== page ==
Parents need to know that Agent Cody Banks is a James-Bond-like action movie for tweens filled with smash-'em-up cartoon violence, particularly a final sequence that pulls out all the stops -- explosions, electrocutions, jet-ski chases, and more. Other scenes include multiple martial arts fights, wild driving, kids captured and held against their will, and some cartoonish scary villains. Many bad guys' off-camera deaths are a result of the young lead's heroics. Mild, campy sexuality includes some revealing clothing, a comic scene in which the young hero is instructed in ways to attract girls, X-ray vision glimpses of undies, and a few leering males and breast jokes. Occasional potty humor and coarse language ("crap," "screwed"), and twice the hero is asked, "Are you in Special Ed?" -- meant as an insult.

What's the story?

Frankie Muniz (Malcolm in the Middle) plays Cody Banks, a 15-year-old who has been attending a CIA-sponsored summer camp that has given him all the training he needs to be a junior secret agent. But when he gets his first assignment, to get close to Natalie (Hillary Duff, TV's Lizzie McGuire), the daughter of a scientist, it turns out that $10 million of training that covered every detail of combat and espionage left out one detail -- how to talk to girls. So, Cody gets some quick and confusing lessons and then finds himself in a new school, trying to make friends with Natalie. He finally gets the hang of it just in time to save the day when she is kidnapped and taken to that most popular of spy movie destinations, the bad guy's arctic secret lair.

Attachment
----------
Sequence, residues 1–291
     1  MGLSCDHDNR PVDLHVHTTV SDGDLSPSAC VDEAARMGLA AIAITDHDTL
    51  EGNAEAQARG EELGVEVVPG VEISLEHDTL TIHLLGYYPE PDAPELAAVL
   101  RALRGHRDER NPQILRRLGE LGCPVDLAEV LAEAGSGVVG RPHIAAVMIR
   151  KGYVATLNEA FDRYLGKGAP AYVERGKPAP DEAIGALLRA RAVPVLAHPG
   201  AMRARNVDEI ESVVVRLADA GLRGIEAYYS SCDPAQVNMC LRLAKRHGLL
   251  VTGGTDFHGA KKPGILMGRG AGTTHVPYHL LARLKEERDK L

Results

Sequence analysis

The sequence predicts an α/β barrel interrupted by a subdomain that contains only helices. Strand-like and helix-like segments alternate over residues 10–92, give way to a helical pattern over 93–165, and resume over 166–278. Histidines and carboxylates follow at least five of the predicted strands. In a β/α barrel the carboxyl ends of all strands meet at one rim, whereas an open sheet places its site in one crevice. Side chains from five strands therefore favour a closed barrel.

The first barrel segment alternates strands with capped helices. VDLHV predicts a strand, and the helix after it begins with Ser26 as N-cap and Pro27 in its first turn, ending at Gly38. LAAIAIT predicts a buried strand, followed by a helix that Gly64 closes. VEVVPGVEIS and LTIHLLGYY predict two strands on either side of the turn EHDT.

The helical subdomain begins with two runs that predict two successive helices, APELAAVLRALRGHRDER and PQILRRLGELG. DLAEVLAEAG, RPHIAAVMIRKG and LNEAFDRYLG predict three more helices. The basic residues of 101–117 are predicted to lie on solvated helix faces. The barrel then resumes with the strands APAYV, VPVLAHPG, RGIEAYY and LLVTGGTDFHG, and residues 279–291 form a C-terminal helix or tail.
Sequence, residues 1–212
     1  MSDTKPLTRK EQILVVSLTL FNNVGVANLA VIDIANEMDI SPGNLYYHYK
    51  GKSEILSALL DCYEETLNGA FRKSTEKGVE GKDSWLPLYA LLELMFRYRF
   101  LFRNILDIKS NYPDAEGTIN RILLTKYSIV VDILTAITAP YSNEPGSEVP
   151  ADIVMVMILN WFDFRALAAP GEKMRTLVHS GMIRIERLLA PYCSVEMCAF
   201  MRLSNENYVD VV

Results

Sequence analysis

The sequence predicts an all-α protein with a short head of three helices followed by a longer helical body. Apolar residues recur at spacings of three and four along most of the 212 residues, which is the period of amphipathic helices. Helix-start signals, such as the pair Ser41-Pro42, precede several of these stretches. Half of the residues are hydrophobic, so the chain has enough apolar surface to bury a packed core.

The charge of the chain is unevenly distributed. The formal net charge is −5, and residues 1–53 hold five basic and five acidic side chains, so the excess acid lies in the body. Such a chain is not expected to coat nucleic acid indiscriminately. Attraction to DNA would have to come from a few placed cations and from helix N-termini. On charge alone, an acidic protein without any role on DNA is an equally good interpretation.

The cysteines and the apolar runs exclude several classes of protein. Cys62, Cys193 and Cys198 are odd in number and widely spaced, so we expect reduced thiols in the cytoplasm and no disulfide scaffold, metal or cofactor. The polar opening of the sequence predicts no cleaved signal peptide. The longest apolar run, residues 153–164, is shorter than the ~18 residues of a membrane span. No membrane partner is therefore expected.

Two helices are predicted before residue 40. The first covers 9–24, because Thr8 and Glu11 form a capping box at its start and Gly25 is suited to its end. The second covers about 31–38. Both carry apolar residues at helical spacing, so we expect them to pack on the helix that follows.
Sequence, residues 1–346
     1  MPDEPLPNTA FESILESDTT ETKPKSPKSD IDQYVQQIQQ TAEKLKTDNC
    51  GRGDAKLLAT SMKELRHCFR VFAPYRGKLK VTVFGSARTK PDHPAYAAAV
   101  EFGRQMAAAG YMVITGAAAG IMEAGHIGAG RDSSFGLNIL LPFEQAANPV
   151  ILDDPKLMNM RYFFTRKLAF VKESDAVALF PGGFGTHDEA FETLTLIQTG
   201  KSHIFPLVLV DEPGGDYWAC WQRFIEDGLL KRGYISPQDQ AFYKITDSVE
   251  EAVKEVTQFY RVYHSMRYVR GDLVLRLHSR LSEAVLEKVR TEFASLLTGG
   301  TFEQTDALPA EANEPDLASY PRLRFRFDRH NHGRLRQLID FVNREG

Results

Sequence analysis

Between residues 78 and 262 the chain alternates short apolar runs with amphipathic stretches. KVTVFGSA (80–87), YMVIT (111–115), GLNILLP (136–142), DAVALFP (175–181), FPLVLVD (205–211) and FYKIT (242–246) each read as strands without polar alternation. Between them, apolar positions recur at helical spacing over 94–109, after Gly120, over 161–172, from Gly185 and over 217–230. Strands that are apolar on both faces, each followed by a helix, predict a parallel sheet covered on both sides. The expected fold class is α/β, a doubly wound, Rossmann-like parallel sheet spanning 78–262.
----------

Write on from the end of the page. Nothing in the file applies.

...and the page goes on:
Is it any good?

QUALITY
 

AGENT CODY BANKS seems like a combination of the James Bond movie Dr. No and 2002's Clockstoppers. Kids and teens will enjoy it,  but it's not as imaginative and funny as the first two Spy Kids movies. Muniz and Duff are always fun to watch, and there are some nice stunts, especially a skateboard rescue of a toddler in a runaway car and a snowboard entry into the bad guy's arctic lair. Saturday Night Live's Darryl Hammond is a lot of fun as the equivalent of James Bond's "Q" character, the guy with all the gadgets. Angie Harmon does not have much to do except show up in a series of outfits more appropriate for Spy Barbie. And the movie wastes the time and talents of two of Hollywood's best actors, Martin Donovan and Cynthia Stevenson, as parents of the teens in the lead roles.